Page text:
Tuesday, May 10, 2016

What is the Alt Left?

I recently came across the concept of the “Alt Left” or “Alternative Left.” I still can’t find good information on this, or whether it really exists in any significant way, but see here, here, here, here, and here.

See this video below where the “Alt Right” YouTube personality Millennial Woes interviews people who self-identify as “Alt Left.”



For christ’s sake, this is a truly bizarre movement. Curiously, one of them seems to be a lapsed Marxist, but still spouting Marxist claptrap about the labour theory of value. Perhaps some of these current “Alt Left” supporters are more reasonable than others, however. See here for an interesting description of the politics and views of one of the less extreme “Alt Left” bloggers.

The “Alt Left” seems to me – if such a movement does exist – to be mostly a bizarre product of extreme left-wing Postmodernist ethnic-racial identity politics, except – and here is the key – applied to white people.

These are Western white people who have been brainwashed in Postmodernist and Social Justice Warrior identity politics, but suddenly transform into supporters of white identity politics.

I was then struck by something really profound: these “Alt Left” people are just brilliant evidence of how toxic Postmodernism really is, because left-wing people who get disillusioned with Postmodernism and have no sensible left-wing tradition to fall back on – say, a secular but tolerant liberal nationalism – could, by using Postmodernist identity politics ideas, easily morph into a bizarre left-wing mirror image of the right-wing white nationalists or “Alt Right.”

That is the logical end of Postmodernist identity politics, if it were consistently applied and not gripped by such a hatred of white people. And, even worse, this Alt Left movement could then morph into a type of left-wing fascism.

Let this be a warning to us all about the insanity of Postmodernism!

5 comments:

  1. May I ask three questions of clarification?

    I'm struggling to understand what postmodernism actually means. By "modern," do you mean the period beginning sometime around the 16th century? And when would have the modern period "ended"? Finally, in your opinion, what distinguishes modernism from postmodernism?

    I'm sorry if these questions seem dense, but I've always struggled with the word "postmodern".

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    1. It's neomarxism.

      "Postmodern critical theory politicizes social problems by situating them in historical and cultural contexts, to implicate themselves in the process of collecting and analyzing data, and to relativize their findings."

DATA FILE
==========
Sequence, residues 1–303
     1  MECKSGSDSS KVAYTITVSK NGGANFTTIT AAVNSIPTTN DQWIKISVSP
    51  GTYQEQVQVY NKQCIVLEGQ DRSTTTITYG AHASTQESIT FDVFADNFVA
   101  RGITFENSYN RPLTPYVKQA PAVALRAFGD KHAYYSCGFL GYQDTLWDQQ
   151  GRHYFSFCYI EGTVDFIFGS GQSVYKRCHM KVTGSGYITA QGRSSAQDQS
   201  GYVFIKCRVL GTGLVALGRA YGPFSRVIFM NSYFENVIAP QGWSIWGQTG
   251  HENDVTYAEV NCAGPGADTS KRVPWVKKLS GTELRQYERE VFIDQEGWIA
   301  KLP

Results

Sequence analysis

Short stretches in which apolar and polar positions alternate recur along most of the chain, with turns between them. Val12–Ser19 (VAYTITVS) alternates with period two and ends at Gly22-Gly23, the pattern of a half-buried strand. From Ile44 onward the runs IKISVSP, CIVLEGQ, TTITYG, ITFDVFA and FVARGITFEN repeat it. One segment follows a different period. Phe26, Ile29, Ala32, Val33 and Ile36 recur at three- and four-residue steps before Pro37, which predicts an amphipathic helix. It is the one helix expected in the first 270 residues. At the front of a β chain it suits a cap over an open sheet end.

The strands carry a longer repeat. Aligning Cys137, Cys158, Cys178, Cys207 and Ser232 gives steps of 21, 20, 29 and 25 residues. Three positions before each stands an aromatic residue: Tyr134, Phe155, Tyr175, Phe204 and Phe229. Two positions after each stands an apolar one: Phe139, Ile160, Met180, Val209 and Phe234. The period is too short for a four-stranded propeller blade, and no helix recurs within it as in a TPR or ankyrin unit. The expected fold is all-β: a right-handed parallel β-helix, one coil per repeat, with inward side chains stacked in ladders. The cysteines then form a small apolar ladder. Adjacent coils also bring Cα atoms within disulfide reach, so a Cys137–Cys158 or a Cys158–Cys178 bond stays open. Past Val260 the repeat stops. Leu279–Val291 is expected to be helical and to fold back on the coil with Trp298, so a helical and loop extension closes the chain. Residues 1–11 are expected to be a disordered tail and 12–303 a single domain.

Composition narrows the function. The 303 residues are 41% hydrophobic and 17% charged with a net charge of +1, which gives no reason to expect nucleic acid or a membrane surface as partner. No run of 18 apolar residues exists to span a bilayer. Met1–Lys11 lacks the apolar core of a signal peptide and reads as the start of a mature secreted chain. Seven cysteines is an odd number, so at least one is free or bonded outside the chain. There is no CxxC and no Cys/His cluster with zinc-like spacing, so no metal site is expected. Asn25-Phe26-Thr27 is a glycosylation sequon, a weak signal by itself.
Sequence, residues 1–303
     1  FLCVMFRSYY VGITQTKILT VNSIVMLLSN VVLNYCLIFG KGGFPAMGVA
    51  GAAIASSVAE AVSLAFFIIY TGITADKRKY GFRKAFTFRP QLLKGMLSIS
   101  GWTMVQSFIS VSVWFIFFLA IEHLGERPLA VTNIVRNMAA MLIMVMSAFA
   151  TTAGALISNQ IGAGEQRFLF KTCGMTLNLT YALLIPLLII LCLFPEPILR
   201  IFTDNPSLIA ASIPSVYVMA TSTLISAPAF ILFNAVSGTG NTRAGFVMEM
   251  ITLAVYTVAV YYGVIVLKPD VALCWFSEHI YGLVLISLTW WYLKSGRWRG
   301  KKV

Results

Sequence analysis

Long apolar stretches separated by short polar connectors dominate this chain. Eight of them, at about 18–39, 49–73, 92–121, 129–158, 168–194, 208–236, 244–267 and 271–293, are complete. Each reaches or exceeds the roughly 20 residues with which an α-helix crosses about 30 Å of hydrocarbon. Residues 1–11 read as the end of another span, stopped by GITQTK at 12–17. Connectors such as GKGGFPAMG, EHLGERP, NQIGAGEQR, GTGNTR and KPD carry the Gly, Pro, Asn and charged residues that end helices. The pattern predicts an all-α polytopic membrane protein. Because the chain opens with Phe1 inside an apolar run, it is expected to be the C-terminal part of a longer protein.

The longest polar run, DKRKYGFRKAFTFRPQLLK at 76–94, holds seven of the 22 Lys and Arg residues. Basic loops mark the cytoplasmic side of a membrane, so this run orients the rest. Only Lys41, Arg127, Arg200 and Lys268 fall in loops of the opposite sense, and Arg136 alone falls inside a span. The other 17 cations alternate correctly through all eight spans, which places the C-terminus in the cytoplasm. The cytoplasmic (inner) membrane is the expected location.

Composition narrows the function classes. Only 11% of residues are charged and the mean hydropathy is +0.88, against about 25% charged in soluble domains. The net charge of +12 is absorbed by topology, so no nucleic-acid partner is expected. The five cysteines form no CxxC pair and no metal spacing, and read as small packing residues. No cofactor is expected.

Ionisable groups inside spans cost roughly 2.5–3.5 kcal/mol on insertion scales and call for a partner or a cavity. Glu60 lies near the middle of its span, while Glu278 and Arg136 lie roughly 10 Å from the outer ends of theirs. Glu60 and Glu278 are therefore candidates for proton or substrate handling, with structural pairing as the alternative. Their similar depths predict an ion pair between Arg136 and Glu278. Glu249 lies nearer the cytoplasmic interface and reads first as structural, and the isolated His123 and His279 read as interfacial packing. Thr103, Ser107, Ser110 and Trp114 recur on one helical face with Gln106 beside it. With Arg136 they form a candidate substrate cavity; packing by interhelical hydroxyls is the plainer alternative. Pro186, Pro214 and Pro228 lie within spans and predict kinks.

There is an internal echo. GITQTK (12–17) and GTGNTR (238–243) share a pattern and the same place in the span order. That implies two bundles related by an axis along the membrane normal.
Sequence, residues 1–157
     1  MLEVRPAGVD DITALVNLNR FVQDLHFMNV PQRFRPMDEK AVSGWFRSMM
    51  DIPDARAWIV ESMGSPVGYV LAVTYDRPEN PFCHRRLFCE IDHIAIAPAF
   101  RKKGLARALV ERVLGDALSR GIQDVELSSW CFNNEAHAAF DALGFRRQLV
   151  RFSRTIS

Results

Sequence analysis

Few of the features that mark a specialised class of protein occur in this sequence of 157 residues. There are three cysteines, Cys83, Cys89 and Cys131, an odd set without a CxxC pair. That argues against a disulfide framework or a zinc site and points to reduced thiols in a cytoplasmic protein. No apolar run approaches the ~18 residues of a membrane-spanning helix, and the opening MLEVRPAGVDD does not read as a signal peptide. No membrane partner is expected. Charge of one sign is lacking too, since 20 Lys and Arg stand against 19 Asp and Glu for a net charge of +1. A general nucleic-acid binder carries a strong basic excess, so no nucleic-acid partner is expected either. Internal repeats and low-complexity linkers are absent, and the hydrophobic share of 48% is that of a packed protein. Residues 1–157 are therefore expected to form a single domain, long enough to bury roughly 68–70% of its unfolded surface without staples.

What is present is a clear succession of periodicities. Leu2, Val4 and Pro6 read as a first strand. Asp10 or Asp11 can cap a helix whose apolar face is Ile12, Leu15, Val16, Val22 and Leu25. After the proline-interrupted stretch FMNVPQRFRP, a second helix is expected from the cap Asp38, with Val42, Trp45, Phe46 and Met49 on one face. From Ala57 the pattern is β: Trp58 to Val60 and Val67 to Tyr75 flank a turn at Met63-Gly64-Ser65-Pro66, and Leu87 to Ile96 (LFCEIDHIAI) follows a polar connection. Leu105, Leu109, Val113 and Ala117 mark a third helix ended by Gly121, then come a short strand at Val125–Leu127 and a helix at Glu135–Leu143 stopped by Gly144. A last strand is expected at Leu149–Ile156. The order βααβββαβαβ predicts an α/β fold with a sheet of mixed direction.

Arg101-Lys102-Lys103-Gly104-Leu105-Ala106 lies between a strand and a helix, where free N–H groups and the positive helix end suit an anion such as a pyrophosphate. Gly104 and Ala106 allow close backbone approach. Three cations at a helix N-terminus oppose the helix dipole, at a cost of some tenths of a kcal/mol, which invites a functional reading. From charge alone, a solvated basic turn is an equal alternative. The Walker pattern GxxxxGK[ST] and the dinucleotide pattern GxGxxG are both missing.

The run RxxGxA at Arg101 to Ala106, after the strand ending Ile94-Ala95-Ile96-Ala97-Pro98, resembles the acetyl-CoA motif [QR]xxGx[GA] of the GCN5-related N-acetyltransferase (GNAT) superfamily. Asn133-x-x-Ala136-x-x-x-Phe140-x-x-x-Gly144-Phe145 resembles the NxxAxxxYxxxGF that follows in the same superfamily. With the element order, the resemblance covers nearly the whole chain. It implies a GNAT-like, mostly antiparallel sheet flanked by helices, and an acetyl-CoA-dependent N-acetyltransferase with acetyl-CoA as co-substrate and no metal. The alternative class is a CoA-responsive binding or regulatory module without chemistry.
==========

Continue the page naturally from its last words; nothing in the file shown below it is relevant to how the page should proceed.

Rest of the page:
Lindlof, T. R., & Taylor, B. C. (2002). Qualitative Communication Research Methods, 2nd Edition. Thousand Oaks, CA: Sage.

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  2. I can understand what means postmodernism. More or less. But I ask myself if what we suffer in Spain as new left is postmodern or what. I suppose that the mixture of false Marxism, gramsciism, nationalism, and so on, etc, is a sign of postmodernism.

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  3. i am really want to find a strong movement whcih indeed will be based on moderate liberal national social democratic (in keyensian sense) values.

    actually in israel labour party is pretty close to this description but sadly in israel we have no serious discussions of economics (or maybe from other point of view its for the good).

    but anyway i wish it will happen and i think soon europe and usa will get sick of toxic identity politics and will come to moderate liberal national stances again.

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  4. 'I was then struck by something really profound: these “Alt Left” people are just brilliant evidence of how toxic Postmodernism really is, because left-wing people who get disillusioned with Postmodernism and have no sensible left-wing tradition to fall back on – say, a secular but tolerant liberal nationalism – could, by using Postmodernist identity politics ideas, easily morph into a bizarre left-wing mirror image of the right-wing white nationalists or “Alt Right.”'

    Bingo. It's also funny when leftist Pomos complain about rightists appropriating their favorite authors like Foucault, Deleuze, or Adorno.

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